This week we dove into some readings about information retrieval. The literature on the topic is pretty vast, so luckily we had Doug Oard on hand to walk us through it. The readings on deck were Liu (2009), Chapelle, Joachims, Radlinski, & Yue (2012) and Sanderson & Croft (2012). The first two of these were had some pretty technical, mathematical components that were kind of intimidating and over my head. But the basic gist of both of them was understandable, especially after the context that Oard provided.

Oard’s presentation in class was Socratic: he posed questions for us to answer, which he helped answer as well, which led on to other questions. We started with what information, retrieval and research was. I must admit to being a bit frustrated about returning to this definitional game of information. It feels so slippery, but we basically agreed that it was social contruct and moved on to lower level questions such as: what is data, what is a database, what are the feature sets of information retrieval. The feature sets discussion was interesting because we basically have worked with three different features sets: descriptions of things (think of catalog records), content (e.g. contents of books) and user behavior.

We then embarked on a pretty detailed discussion of user behavior, and how the technique of interleaved data sets lets computer systems adaptively tweak the many parameters that tune information retrieval algorithms based on user behavior. Companies like Google and Facebook have the user attention to be able to deploy these adaptive techniques to evolve their systems. I thought it was interesting to reflect on how academic researchers are then almost required to work with these large corporations in order to deploy their research ideas. I also thought it might be interesting how having a large set of users who expect to use your product in a particular way might become a straight jacket of sorts, and perhaps over time lead to a calcification of ideas and techniques. This wasn’t a fully formed thought, but it seemed that this purely statistical and algorithmic approach to design lacked some creative energy that is fundamentally human – even though their technique had human behavior at its center as well.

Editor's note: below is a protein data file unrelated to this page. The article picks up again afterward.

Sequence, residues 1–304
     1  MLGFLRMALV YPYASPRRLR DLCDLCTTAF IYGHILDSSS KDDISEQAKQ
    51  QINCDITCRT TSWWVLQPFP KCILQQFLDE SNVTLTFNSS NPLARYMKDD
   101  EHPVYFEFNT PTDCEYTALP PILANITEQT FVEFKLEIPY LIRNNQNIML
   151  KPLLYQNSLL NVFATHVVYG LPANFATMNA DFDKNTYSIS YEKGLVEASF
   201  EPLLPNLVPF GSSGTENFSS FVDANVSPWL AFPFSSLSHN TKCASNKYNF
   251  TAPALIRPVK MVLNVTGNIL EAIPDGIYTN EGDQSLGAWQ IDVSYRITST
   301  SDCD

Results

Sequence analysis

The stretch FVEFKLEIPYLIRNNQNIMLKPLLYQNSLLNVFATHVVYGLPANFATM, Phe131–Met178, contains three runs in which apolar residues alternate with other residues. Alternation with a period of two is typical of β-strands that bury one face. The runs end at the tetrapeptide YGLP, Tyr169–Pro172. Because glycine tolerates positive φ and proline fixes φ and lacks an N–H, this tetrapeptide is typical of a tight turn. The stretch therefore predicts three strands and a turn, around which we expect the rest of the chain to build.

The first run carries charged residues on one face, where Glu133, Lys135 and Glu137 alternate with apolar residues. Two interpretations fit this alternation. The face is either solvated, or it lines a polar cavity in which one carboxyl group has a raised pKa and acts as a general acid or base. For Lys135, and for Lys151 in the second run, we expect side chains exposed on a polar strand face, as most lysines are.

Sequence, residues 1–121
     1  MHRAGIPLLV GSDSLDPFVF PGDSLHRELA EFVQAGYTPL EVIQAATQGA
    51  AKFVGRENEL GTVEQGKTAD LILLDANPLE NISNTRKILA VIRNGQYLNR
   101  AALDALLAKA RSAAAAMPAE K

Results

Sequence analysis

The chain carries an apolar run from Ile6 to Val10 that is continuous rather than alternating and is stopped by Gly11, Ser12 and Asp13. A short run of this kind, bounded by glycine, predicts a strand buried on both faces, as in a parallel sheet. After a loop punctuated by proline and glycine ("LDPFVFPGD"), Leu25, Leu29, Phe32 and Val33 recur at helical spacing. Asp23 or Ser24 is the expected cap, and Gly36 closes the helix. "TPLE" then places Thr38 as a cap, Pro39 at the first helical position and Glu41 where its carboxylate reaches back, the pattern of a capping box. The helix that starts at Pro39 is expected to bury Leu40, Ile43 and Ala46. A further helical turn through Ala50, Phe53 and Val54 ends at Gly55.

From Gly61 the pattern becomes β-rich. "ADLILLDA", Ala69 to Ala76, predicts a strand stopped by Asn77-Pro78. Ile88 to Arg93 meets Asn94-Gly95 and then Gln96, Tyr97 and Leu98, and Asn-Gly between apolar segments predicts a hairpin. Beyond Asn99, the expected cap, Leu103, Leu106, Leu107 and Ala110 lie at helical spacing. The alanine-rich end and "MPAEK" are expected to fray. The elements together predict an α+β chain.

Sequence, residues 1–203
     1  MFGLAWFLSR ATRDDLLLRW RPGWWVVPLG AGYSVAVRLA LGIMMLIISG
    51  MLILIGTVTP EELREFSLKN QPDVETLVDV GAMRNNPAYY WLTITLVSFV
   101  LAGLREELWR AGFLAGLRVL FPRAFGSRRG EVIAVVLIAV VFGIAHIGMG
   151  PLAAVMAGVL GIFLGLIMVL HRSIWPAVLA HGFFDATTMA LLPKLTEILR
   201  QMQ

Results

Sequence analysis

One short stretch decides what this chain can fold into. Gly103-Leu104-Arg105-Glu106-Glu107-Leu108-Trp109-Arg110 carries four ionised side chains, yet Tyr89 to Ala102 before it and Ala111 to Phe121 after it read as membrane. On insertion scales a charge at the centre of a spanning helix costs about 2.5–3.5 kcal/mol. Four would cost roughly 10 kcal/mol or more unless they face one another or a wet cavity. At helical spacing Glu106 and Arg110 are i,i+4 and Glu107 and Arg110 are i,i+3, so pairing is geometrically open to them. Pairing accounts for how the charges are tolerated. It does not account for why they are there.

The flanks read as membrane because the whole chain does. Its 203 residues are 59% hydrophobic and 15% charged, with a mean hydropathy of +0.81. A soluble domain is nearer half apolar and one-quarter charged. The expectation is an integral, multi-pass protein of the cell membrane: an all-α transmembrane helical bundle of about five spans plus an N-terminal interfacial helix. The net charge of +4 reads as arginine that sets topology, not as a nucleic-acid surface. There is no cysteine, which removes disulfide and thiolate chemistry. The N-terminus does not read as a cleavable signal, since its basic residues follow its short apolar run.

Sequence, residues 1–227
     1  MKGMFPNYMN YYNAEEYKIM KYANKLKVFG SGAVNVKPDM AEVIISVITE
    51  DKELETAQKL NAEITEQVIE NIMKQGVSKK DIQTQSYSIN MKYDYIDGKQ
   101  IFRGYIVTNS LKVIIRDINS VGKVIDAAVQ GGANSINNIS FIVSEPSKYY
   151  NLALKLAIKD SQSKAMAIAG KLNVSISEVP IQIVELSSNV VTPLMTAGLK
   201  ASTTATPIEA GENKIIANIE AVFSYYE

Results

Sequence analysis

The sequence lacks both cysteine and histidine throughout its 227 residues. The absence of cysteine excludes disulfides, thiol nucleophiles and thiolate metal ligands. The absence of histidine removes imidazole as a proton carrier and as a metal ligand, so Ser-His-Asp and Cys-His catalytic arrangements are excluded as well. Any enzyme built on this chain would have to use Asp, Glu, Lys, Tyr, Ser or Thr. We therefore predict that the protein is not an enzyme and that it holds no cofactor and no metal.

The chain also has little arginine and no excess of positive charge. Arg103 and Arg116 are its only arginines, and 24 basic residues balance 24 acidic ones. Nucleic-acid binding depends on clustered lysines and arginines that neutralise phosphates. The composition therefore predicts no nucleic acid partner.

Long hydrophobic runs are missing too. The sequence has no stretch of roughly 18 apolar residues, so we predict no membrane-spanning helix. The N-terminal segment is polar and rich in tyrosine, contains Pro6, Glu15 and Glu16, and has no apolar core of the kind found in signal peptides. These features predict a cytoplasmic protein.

I guess it’s nice to think that the voice of the individual matters, and we’re not just dumbing all our designs down to the lowest common denominator between us. I think this class successfully steered me away from the competitive space of information retrieval even though my interest in appraisal and web archives moves in that direction, with respect to focused crawling. Luckily a lot of the information retrieval research in this area has been done already, but what is perhaps lacking are system designs that incorporate the decisions of the curator/archivist more. If not I guess I can fall back on my other research area of the history of standards on the Web.


Chapelle, O., Joachims, T., Radlinski, F., & Yue, Y. (2012). Large-scale validation and analysis of interleaved search evaluation. ACM Transactions on Information Systems (TOIS), 30(1), 6.

Liu, T.-Y. (2009). Learning to rank for information retrieval. Foundations and Trends in Information Retrieval, 3(3), 225–331.

Sanderson, M., & Croft, W. B. (2012). The history of information retrieval research. Proceedings of the IEEE, 100(Special Centennial Issue), 1444–1451.